Tuesday, June 13, 2017

The Talmud on property as gift vs. inheritance (etc.)

THIS WEEK'S DAF YOMI COLUMN BY ADAM KIRSCH IN TABLET: An Old Jew Is on His Deathbed, and Says to His Son… In this week’s ‘Daf Yomi,’ what’s right—and what’s legal—in matters of inheritance.
Over the past several weeks, Daf Yomi readers have seen how the Talmud regulates the inheritance of property, building on biblical laws to create a more complex and flexible system. According to the Torah, for example, a man is not free to bequeath his property to whomever he wishes. Rather, inheritance follows an established order, going first to his sons, then his daughters, then his brothers, and finally to more distant male relatives. But as we saw earlier in Tractate Bava Batra, later Jewish law created a workaround, allowing the testator to give his property as a gift, rather than bequeath it as an inheritance. A gift is not subject to the same strict rules.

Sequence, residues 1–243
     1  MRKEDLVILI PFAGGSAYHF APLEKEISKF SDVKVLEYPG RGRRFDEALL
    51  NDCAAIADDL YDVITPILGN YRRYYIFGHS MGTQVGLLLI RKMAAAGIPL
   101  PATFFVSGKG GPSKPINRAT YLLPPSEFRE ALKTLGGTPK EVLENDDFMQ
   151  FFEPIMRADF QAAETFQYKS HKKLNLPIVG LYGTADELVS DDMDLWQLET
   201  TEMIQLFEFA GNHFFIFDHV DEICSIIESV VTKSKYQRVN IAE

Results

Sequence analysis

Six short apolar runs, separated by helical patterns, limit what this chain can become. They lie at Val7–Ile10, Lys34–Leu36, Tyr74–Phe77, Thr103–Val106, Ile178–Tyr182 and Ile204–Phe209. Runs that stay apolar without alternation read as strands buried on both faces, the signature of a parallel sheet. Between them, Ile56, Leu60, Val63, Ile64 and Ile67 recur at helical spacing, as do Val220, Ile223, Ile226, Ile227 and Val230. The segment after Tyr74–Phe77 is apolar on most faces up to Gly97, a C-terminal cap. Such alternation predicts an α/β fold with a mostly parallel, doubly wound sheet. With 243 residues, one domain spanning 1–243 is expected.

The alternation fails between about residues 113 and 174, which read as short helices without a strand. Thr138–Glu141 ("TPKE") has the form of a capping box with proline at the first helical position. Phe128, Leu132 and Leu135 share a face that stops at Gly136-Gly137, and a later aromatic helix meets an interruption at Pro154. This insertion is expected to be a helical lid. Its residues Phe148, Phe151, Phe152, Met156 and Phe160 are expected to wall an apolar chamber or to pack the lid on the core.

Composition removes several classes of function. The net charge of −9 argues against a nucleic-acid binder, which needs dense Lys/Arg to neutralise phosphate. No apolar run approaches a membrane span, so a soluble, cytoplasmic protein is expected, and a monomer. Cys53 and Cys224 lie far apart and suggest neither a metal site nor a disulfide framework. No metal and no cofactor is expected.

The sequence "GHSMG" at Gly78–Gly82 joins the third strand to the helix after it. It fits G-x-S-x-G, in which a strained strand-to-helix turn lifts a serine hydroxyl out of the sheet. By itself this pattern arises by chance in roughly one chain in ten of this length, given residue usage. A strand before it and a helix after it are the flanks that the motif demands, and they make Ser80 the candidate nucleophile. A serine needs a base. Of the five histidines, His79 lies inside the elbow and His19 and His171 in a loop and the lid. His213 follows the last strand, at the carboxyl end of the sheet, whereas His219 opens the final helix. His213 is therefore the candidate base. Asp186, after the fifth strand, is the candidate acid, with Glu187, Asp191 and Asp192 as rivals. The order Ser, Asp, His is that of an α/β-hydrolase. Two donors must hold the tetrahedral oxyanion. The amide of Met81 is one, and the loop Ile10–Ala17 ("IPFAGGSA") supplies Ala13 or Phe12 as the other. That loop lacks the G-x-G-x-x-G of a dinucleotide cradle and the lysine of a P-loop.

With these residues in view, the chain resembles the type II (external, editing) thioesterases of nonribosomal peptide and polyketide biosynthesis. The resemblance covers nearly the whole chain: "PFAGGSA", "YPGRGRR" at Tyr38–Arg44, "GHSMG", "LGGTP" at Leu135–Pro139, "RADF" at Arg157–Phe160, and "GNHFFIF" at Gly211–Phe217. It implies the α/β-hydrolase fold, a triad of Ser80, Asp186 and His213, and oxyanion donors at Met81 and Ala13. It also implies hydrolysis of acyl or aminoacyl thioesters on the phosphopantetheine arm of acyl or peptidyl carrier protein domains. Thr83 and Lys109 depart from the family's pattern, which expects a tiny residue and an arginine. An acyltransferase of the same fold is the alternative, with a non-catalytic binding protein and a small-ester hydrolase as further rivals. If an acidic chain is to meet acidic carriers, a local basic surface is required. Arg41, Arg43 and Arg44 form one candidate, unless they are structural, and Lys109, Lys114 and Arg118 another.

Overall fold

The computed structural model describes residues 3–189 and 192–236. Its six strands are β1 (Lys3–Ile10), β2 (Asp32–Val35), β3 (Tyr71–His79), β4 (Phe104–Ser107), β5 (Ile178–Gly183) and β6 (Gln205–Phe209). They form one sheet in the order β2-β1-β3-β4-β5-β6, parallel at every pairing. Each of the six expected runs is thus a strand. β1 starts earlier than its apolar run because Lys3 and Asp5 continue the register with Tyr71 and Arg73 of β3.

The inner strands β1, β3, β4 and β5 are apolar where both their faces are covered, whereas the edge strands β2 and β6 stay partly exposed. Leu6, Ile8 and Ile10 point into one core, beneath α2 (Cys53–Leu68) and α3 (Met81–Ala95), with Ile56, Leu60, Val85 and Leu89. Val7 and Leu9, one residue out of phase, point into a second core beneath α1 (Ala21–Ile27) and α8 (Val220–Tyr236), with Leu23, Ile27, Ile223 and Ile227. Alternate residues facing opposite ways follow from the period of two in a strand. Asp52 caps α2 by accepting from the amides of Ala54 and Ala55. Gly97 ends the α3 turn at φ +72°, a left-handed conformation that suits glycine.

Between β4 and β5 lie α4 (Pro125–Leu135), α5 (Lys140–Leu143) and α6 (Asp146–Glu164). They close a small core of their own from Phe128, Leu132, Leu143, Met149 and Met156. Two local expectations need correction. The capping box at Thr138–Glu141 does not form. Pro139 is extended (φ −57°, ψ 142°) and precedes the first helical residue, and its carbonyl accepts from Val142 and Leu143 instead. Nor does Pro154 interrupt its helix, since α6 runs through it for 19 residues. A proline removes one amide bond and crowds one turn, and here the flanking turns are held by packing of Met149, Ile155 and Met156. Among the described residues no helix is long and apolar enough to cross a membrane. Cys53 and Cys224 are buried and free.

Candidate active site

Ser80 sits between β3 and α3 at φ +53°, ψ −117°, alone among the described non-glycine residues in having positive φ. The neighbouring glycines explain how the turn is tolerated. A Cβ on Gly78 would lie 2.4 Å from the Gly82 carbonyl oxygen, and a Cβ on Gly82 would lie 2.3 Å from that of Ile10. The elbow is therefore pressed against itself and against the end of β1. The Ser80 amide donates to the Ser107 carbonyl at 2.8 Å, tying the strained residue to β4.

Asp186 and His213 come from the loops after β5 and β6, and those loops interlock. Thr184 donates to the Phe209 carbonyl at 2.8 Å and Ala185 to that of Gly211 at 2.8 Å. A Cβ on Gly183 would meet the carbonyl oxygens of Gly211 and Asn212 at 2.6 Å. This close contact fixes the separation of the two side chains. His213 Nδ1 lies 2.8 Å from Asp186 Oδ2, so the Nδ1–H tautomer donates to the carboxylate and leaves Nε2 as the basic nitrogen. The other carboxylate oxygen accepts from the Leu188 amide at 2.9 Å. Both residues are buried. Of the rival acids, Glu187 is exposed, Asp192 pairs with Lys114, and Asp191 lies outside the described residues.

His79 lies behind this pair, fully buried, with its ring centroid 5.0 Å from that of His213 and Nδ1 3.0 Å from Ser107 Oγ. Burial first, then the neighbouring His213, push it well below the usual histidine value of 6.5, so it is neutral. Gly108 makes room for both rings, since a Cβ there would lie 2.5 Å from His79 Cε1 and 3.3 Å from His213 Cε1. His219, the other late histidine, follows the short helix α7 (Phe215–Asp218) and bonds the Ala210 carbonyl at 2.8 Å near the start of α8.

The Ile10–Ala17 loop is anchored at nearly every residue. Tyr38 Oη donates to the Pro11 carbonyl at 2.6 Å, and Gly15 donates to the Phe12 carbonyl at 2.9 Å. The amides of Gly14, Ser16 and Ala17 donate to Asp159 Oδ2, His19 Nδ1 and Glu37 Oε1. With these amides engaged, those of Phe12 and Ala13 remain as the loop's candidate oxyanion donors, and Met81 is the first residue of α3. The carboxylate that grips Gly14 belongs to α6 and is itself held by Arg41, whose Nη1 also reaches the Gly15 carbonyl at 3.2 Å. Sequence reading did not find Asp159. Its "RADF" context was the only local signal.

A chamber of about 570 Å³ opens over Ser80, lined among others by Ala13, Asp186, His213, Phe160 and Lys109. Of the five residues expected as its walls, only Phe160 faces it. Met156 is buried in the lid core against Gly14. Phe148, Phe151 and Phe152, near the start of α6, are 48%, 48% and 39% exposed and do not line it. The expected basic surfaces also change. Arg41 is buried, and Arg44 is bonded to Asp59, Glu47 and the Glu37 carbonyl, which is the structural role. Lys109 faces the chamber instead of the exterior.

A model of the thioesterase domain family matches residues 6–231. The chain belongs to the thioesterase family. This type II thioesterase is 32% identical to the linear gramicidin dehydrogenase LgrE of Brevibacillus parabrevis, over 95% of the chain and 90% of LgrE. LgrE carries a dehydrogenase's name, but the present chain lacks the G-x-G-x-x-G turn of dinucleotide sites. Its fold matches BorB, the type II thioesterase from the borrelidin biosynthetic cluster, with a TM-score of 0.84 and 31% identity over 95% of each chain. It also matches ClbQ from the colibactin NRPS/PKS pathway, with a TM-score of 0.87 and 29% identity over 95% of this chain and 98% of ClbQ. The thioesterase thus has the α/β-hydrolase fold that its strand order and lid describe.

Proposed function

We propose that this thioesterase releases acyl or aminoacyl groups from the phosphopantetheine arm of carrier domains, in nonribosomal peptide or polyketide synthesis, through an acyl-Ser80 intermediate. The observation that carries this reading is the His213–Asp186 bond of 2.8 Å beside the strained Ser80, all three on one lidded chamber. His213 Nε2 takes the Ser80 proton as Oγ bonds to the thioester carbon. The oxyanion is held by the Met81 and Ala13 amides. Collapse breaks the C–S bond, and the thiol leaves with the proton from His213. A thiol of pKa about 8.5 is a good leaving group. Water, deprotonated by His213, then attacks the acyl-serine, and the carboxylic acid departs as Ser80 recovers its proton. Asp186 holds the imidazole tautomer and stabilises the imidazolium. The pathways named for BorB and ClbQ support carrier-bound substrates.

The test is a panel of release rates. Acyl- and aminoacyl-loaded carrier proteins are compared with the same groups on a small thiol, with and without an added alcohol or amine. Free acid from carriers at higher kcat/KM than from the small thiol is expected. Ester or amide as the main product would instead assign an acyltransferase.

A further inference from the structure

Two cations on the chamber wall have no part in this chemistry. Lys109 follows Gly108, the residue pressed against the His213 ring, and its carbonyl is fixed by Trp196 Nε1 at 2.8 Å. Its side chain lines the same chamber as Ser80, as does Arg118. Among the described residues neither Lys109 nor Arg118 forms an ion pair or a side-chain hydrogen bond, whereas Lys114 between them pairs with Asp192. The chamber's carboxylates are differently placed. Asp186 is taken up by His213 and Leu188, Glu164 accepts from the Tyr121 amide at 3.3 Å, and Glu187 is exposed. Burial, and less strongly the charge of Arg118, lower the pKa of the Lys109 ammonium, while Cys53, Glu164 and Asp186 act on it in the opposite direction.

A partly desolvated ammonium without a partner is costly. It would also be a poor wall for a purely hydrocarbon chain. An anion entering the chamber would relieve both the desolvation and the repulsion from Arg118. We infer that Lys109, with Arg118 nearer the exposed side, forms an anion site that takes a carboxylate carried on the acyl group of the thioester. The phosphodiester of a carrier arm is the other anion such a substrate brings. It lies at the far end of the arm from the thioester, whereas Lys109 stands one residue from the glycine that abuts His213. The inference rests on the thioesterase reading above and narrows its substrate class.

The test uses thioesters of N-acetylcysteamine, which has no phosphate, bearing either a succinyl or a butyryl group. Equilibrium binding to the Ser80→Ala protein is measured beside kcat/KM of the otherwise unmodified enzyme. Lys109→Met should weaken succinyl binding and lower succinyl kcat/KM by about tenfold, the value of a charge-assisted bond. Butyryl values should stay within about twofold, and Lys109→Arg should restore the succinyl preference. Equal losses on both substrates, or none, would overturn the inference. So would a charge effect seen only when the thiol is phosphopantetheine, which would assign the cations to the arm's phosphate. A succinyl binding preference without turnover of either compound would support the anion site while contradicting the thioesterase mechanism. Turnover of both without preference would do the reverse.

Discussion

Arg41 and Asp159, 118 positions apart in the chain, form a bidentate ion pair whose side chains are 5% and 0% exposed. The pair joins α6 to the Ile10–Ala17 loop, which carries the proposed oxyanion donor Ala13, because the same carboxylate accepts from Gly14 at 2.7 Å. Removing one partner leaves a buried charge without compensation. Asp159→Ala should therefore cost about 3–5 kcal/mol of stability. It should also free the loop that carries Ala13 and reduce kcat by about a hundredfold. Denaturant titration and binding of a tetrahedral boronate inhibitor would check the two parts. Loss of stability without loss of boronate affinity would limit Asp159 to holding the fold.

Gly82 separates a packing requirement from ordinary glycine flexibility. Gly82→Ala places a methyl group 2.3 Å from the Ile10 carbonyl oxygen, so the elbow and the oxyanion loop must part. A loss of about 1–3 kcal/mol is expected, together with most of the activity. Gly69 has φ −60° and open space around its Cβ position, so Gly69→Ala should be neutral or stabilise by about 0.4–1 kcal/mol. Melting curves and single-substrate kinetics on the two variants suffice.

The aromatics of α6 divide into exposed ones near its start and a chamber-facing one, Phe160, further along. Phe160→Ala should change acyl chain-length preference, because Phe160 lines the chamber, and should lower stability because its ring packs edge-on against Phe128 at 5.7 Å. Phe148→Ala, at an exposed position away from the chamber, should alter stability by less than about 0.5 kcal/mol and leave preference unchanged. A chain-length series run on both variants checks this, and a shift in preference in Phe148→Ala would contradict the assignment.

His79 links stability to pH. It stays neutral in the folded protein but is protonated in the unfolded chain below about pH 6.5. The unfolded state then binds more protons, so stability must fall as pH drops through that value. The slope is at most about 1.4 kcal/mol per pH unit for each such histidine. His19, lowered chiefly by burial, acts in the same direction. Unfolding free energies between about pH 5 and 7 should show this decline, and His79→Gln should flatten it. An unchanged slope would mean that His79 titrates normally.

But it raises certain complexities ...

Earlier Daf Yomi columns are noted here and links.

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